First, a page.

Scott G Winterton, Deseret News
SALT LAKE CITY — There’s no place like home.
It is safe to say the young Utah Jazz team would agree.
With the Jazz still smarting from two blowout losses in Los Angeles and Denver, EnergySolutions Arena proved to be an antidote for many of Utah’s ailments. In a nail-biting thriller, the Jazz earned their first victory, 102-99, over the Philadelphia 76ers Friday night.
While there were several missed opportunities down the stretch, which made it a little close for comfort, the Jazz did just enough to eke out a hard-fought win. Minus an injured Al Jefferson, the Jazz came out with a well-balanced attack, with seven players scoring between eight and 20 points.
Best quarter of the season: Hands down, the second quarter was the most complete, most impressive 12 minutes of basketball Tyrone Corbin’s squad has displayed so far. It certainly didn’t start out that way, though. Philadelphia darted out to a 39-26 edge two minutes in on an array of easy inside shots and smooth jumpers.
But things changed dramatically as Devin Harris propelled the Jazz to a 27-12 run to close out the half. The former all-star point guard tallied 13 points and pushed the pace of the game. The team hustled, was active on the boards, and displayed a defensive tenacity that had been sorely missing. After a torrid start, the Sixers’ shooting took a big dip during the closing stages of the quarter.
Utah’s ability to get to the line (11-of-12, including 6-of-6 by Harris) was another key. Paul Millsap’s big trey to give the Jazz a halftime lead brought the EnergySolutions Arena crowd to its feet.
Super sophomores: The future is not the just future; it is the now, and Derrick Favors and Gordon Hayward proved it. This was capsulated by the big shots each made down the stretch and a unlikely tip in by Favors with 1:25 left followed by Hayward’s clutch 17-footer 45 seconds later.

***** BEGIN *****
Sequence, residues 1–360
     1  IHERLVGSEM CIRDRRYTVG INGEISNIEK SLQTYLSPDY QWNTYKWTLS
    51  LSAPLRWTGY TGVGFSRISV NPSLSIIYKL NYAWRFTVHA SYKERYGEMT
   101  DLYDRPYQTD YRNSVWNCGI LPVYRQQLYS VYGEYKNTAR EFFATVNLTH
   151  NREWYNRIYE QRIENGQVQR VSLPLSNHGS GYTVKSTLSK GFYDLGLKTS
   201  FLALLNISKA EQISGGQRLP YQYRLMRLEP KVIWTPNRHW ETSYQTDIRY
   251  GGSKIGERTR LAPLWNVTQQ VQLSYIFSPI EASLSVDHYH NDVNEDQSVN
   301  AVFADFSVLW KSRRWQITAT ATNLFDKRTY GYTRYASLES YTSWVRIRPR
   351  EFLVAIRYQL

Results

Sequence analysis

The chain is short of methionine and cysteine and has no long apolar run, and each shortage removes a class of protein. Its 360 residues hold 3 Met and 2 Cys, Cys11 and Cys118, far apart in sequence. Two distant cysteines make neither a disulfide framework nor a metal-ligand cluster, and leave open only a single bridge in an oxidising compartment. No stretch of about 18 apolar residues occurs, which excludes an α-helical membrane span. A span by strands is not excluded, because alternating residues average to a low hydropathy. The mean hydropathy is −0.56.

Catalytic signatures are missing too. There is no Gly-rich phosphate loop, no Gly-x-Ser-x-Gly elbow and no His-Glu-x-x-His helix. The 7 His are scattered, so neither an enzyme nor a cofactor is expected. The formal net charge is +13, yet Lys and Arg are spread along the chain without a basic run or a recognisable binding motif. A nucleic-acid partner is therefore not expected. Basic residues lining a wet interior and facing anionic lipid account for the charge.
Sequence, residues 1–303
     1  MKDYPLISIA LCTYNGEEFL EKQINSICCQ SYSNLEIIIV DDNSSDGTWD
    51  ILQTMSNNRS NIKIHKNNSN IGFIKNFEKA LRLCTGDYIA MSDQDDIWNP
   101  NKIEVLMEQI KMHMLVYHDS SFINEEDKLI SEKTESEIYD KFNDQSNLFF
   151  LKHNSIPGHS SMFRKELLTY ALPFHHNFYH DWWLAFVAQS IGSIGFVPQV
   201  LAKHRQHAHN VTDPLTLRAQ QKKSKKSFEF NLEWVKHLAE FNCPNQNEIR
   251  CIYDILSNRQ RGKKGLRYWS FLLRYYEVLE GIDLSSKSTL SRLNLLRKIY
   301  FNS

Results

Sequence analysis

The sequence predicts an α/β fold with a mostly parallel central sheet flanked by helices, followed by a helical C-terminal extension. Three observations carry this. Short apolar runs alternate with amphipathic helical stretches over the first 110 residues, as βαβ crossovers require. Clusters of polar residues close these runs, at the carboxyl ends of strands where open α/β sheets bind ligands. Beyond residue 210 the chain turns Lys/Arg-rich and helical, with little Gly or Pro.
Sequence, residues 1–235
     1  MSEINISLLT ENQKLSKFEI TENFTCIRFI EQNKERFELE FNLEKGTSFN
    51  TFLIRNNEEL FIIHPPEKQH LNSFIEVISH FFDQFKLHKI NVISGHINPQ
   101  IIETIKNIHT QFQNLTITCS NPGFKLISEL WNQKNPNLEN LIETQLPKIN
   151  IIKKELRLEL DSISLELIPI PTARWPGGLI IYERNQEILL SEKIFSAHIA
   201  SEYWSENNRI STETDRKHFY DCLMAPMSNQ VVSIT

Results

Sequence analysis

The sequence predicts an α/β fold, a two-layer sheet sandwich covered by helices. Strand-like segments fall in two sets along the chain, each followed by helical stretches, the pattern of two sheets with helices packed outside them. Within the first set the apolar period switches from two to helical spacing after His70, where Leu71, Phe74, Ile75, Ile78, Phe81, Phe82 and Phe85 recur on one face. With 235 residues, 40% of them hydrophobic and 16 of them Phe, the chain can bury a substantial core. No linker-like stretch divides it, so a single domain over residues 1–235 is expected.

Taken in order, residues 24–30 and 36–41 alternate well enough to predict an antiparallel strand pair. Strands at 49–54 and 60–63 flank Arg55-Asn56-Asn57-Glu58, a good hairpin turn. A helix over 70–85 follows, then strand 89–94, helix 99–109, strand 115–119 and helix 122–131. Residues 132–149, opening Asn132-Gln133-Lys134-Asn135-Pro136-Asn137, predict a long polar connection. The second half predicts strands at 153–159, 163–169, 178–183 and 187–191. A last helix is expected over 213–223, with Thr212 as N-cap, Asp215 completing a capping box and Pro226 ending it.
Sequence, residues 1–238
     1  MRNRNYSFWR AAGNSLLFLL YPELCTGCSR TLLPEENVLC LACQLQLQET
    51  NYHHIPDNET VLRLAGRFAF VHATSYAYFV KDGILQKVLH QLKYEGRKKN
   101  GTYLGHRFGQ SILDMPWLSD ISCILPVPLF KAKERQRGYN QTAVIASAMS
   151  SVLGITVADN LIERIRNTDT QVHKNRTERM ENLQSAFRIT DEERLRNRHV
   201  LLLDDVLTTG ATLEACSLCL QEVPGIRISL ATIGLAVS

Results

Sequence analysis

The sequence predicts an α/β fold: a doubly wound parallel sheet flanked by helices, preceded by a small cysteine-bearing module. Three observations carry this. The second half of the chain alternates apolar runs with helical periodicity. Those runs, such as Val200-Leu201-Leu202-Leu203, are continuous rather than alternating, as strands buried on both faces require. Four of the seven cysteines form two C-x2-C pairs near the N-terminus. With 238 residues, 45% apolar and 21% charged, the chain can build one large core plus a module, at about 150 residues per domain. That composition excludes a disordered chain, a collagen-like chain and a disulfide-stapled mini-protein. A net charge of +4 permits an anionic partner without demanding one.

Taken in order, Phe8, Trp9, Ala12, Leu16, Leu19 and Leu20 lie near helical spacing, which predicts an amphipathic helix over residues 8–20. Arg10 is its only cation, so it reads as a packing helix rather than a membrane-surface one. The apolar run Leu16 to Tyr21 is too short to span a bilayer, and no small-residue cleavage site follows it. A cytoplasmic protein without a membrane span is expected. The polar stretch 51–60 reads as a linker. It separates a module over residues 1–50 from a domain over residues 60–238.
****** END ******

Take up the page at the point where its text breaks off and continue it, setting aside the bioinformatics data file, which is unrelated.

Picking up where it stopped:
With Jefferson sitting out, Favors got the start at the center spot and played extremely well. He managed to stay out of foul trouble for the first time this young season, which enabled his 20-point, 11-rebound outing in the middle.
Not to be outdone, Hayward turned in a very efficient evening: 15 points (5-of-9 FG, 1-of-2 3-pointers, 4-of-4 FT) along with three assists and two blocked shots. He played heady defense against Philadelphia’s impressive group of swingmen.
Point guard play: Harris was a catalyst in the second quarter. He struggled early on and was yanked after 76er Jrue Holiday burned him for a pair of easy baskets (likewise, his body language was languid when we was summoned back in). He did not struggle long, and while he tailed off at the end, his 19 points were encouraging. His energy taking the ball to the hoop was vital.
Back-up Earl Watson, a favorite of Jazz fans, also enjoyed his best performance of the season, adding nine points and four assists. His leadership during the fourth quarter was integral toward sealing the victory.
David Smith will provide instant analysis for Deseret News' Utah Jazz coverage this season. He works for LDS Philanthropies and also blogs for the Utah Jazz 360 website. He can be reached at firstname.lastname@example.org or on Twitter at davidjsmith1232.
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